For the Tibetan sdug pa there would be two entries: one with a number of definitions all expressing the term’s positive meanings (pretty, nice, pleasant, etc.) and one with definitions expressing its negative meanings (suffering, bad, etc.). Two separate dictionary entries must be made for sdug pa because the word’s divergent meanings are not obviously related to each other.
If a dictionary user did a search for sdug pa, both entries would appear. Then the user could click to see more information on either of them to determine which is the one she is looking for.
As a final note, for most words in The THL Tibetan Dictionaries there will only be one entry with one main definition. But the other, more complicated cases will certainly come up, making it important that everyone is aware of and adheres to the policies outlined here.
Within a term entry there are many possibilities for the kinds of definitions that can be entered. There can be:
- just a basic definition, or
- a basic definition followed by a series of sub-definitions (which can have sub-definitions of their own), or
- an overarching definition followed by a series of sub-definitions that refine what’s described in the overarching definition, or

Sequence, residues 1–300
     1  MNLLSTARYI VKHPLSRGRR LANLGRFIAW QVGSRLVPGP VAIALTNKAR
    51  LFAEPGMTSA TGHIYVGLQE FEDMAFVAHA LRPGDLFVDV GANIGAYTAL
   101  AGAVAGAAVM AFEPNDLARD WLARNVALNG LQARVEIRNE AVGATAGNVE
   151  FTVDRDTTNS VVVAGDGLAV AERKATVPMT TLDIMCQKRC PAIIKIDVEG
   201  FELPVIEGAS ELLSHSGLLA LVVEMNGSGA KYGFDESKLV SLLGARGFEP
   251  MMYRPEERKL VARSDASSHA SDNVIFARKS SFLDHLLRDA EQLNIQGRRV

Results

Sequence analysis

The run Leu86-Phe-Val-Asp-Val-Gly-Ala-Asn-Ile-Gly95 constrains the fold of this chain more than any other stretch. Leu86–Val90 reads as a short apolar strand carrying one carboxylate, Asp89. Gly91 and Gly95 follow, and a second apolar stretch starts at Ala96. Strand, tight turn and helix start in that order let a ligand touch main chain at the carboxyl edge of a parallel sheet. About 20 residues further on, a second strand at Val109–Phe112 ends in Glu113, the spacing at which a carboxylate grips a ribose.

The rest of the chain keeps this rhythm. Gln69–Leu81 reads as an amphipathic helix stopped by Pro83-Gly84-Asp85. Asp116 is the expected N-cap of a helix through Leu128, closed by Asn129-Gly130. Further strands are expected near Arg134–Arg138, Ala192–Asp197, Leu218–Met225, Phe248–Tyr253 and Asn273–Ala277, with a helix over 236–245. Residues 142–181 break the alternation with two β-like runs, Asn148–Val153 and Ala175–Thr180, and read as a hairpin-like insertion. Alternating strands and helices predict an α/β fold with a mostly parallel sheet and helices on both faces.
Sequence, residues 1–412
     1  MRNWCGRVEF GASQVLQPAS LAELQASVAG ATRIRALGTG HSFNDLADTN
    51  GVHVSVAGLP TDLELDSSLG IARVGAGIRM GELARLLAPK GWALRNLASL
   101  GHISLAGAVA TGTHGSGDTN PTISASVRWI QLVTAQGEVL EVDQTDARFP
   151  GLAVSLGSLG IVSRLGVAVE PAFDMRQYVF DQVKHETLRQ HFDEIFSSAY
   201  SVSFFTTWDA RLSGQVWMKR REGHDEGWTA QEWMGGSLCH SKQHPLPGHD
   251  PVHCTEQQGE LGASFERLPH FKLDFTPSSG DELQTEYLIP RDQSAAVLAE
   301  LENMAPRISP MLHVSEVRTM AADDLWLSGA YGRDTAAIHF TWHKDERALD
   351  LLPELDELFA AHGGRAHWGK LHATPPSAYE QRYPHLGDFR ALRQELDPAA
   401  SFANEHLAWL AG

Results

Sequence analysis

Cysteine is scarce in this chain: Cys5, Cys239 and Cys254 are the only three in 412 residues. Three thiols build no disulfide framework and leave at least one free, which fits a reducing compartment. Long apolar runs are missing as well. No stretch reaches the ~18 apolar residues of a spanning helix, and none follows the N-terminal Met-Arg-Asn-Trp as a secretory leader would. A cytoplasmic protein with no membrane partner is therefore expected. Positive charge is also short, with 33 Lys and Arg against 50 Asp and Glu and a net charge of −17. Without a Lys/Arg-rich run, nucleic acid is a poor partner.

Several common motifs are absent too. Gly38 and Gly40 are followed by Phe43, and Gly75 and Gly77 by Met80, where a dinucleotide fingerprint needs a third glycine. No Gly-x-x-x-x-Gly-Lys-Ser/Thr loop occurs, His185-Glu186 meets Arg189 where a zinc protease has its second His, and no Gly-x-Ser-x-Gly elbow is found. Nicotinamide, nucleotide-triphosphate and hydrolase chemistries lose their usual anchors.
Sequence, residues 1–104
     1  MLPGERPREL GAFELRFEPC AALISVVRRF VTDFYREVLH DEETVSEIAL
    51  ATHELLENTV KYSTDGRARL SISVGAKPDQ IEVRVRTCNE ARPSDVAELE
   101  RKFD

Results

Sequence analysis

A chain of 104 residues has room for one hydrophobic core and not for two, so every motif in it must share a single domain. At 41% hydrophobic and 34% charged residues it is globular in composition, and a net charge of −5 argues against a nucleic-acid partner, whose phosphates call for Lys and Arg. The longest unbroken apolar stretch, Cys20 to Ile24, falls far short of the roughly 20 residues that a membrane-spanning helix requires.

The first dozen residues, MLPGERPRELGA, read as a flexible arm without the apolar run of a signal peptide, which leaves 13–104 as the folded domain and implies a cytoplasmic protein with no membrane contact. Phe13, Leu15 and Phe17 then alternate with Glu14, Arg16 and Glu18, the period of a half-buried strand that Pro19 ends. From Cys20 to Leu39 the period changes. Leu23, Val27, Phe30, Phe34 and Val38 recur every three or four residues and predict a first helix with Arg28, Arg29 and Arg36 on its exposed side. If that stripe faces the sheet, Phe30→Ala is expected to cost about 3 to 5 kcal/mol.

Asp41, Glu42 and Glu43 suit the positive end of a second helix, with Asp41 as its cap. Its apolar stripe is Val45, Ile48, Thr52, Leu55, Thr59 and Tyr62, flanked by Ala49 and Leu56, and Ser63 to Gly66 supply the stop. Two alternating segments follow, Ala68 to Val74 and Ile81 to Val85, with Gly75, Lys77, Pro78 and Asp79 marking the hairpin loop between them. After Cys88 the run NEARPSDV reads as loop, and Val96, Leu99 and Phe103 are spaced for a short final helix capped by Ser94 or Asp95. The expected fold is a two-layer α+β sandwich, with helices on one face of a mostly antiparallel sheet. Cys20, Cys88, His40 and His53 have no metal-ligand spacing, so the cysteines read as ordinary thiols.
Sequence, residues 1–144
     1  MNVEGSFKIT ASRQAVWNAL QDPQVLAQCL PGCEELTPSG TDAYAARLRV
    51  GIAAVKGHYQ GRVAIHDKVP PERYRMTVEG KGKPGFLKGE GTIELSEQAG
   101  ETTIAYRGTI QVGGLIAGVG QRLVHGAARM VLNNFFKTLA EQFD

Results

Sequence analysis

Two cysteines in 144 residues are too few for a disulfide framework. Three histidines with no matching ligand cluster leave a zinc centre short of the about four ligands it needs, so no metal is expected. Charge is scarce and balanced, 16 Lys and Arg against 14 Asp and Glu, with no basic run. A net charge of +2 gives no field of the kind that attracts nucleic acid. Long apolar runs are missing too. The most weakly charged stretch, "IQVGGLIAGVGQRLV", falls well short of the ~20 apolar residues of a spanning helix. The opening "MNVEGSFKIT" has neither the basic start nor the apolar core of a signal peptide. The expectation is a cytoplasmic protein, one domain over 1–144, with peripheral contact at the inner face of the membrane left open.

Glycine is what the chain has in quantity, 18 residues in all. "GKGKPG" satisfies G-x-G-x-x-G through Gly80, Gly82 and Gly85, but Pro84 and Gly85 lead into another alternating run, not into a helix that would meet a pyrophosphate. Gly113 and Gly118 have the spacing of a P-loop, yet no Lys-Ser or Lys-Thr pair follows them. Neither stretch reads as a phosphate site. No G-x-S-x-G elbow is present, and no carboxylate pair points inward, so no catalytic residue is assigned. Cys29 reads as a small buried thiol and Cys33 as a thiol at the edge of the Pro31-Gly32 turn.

- no main or overarching definition but a series of sub-definitions that are all basically equal in importance.
Which configuration is most appropriate depends on the nature of the term. We are currently (as of January, 2008) working on a function that will allow an editor to move a definition “up” or “down” in the hierarchy, but until this is implemented, we ask editors to follow the following guidelines:
If you are reasonably sure that there is only one meaning for a term, or if you can postulate a good overarching definition (to be followed by more specific sub-definitions), put that in as the definition. If you are not sure, put your definition in as a sub-definition, the process for which will be described below. If you know a word has complex meanings or a complex history, but are not sure where the definition you are considering entering should fit into the bigger picture, try doing some research in other dictionaries (the Bod rgya tshig mdzod chen mo is the most reliable) to see what other meanings the word may have. If after that you are still not sure, take the more conservative option and make it a sub-definition.
If you create a definition that you later realize should have been a sub-definition, or a sub-definition that should have been a definition, you will have to manually cut and paste all the data to move it to its correct place within the entry. Once the automated moving feature has been implemented this will no longer be an issue.